There are three pictures on a book shelf across from my desk. Two are black & white and one is color and the color one is of my mother kneeling beside my Springer Spaniel, Gretel. I’d just had Gretel to the groomer and I stopped at my mother’s home for our daily visit and coffee, and to let her see Gretel all groomed and cleaned up. It was the last time my mother saw Gretel alive because two days later a drunk driver hit and killed my dog. The shock of having my dog die in my arms is something I have never recovered from. Don’t misunderstand me, I’ve seen my share of death and some of it has been in pretty large doses, but having that wonderful, loving, spirited dog die in my arms while my wife was driving madly to the vet’s office has never left me and that’s probably why the two black and white photos are on my shelf. One is of Gretel when she was only a few weeks old, hiding behind a pine tree and playing “catch me.” The other is of me leaning over to pet her. I’ve got a shotgun in my hand and we’re standing in water. The look on Gretel’s face tells it all—she’s having a great time.
That’s not the only picture of Gretel in my office. There is one that was taken on a partridge hunt and another of me kneeling beside her, taken the same day that the one of her and my mother was taken. Those last pictures are treasures and every year when I make it back to Colorado I take some time to visit my friend, Al, and while there I go outside to spend a few minutes at the graves of my pets.
Between Gretel and now Cookie I had a third dog—Jenny. She too was a Springer and like all of my dogs was a wonderful part of my world and when I close my eyes I can relive and laugh about her antics. She made the cover of a couple of magazines and was a constant companion, whether fishing, hunting or just being. Jenny was fantastic at finding birds and doing what she was supposed to do—flush them into flight. After we moved to North Dakota Jenny got sick and when nothing helped I finally had to have her put down, but I didn’t have the heart to bury her here in North Dakota so I had her cremated and her ashes are on another shelf. Sometimes I pick up the urn and hold it and read her ID tag. I haven’t had the heart to scatter or bury her ashes, although Al said I could bury her ashes with the other dogs.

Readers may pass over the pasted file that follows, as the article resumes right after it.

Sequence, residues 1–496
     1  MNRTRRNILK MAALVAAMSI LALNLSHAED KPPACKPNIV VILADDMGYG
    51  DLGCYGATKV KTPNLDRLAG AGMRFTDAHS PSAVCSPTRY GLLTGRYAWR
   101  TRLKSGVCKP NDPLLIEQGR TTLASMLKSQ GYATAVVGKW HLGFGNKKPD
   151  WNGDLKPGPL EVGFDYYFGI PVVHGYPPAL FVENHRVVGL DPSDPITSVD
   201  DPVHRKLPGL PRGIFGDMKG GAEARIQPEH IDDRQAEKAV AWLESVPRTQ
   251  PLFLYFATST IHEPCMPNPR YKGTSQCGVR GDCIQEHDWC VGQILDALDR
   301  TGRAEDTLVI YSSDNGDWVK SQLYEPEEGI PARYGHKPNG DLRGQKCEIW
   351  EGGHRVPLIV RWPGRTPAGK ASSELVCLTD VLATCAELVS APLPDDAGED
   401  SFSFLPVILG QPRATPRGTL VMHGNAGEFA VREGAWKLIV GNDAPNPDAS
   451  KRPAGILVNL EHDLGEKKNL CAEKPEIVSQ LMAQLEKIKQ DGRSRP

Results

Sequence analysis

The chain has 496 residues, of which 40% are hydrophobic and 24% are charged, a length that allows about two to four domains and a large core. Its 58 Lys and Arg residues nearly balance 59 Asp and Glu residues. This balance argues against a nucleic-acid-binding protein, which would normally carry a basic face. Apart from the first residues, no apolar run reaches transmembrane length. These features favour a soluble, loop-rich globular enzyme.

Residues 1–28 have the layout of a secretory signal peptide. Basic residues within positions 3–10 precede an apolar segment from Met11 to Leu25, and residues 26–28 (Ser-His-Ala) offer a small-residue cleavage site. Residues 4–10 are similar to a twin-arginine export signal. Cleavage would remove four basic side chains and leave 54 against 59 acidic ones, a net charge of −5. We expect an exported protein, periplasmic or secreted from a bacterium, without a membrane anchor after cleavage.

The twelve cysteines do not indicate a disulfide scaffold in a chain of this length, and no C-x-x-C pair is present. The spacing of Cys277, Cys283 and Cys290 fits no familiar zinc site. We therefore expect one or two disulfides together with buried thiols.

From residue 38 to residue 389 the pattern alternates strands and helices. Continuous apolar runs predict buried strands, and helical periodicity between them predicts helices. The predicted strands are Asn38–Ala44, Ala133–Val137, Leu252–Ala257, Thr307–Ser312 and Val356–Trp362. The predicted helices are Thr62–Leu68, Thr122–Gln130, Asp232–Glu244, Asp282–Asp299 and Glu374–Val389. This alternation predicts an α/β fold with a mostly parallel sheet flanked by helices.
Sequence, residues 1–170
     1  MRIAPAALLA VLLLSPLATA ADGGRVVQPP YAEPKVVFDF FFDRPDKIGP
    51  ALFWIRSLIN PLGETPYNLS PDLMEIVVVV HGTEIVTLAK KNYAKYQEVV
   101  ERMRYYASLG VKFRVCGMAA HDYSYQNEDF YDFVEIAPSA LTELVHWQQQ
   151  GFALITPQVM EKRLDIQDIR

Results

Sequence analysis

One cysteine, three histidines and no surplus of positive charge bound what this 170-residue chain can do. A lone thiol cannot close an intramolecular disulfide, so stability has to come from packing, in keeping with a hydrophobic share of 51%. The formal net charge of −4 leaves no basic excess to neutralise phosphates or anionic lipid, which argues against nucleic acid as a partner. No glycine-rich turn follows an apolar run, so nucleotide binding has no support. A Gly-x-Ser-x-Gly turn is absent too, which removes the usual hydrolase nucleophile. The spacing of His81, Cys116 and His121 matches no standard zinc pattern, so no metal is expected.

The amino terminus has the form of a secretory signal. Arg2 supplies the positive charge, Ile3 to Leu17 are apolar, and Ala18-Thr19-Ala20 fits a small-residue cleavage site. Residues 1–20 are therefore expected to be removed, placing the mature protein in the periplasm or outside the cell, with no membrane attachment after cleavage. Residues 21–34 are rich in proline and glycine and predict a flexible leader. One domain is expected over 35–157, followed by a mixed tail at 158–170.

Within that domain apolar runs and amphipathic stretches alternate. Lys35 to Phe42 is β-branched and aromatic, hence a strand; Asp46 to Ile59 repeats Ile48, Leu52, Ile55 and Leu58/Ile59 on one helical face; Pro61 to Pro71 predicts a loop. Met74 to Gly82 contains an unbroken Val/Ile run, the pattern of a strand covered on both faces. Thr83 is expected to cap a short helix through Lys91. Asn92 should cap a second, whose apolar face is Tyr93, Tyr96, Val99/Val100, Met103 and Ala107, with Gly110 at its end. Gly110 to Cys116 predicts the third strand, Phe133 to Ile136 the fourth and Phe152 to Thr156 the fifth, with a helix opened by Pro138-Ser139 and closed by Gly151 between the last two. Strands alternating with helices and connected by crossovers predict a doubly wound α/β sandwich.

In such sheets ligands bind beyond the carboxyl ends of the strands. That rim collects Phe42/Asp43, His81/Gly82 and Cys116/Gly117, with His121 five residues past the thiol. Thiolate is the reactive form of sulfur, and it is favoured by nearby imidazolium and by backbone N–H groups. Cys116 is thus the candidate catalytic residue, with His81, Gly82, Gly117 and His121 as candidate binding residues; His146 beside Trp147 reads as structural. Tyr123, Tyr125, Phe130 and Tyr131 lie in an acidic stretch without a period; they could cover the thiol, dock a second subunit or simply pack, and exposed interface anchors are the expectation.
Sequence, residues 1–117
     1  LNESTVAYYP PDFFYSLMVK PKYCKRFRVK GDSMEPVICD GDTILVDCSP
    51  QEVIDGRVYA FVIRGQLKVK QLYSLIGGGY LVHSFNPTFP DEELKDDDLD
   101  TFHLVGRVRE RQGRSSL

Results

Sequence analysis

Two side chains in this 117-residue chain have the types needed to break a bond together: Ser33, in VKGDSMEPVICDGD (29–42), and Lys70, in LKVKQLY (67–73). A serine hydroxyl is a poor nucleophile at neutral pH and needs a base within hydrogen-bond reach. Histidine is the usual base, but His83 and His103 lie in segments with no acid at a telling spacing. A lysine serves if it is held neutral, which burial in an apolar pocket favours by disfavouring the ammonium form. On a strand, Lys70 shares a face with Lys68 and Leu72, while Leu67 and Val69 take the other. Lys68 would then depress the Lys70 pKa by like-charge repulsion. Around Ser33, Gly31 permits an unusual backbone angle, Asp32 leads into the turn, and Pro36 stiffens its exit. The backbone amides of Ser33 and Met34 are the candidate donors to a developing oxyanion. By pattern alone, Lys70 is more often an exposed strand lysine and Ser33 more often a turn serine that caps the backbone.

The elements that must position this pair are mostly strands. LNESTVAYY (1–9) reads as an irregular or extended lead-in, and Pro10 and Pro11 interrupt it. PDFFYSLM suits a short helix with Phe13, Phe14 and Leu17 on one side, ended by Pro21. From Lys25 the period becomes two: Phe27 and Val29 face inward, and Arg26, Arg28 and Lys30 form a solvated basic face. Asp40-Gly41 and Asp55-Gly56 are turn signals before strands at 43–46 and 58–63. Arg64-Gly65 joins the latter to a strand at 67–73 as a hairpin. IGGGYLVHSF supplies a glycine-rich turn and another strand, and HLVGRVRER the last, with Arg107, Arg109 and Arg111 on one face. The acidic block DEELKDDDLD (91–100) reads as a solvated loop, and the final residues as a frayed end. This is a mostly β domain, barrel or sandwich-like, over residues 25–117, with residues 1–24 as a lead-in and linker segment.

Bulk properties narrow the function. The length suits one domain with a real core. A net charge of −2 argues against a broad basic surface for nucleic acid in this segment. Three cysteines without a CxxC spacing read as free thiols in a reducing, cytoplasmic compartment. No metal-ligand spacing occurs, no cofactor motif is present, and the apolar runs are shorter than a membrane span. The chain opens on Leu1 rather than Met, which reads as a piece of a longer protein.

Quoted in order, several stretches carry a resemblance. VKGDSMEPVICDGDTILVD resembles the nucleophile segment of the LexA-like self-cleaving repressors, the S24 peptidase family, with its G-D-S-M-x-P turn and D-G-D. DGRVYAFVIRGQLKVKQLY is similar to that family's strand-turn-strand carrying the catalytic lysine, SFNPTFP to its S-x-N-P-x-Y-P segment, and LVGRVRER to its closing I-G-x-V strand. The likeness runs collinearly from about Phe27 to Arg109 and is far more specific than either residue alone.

There isn’t a day that goes by that I don’t pet and love all of my dogs (I now have three, plus M’s Jack Russell, Rylie and he gets his share of my attention). Each one of them is an important part of my life and that includes my rotten Jack Russell, Rosie. She spends most of every day getting into trouble for one thing or another—although she is sound asleep in my lap as I write this. (Cookie is on my feet and Buster sleeping next to my chair. Rylie is in the house with M, probably curled up next to her in bed.) I try to balance my attention between the dogs because I know there will come a day when all I’ll have of them will be the pictures on the book shelves and the memories of them. It won’t be enough, but it’ll be better than life without having had them in my life.
I’ve always thought that dogs give our world a magical value that pound for pound has a greater worth than all of the precious metals and gemstones humanity has ever mined. Those of us who hunt with our dogs, whether they are so-so hunters or smarter than we are, get the added pleasure of stocking up on memories that give our lives a depth of meaning the non-hunter can never share.
Dogs in our lives sort of make everything else bearable, don’t you think?
3 years ago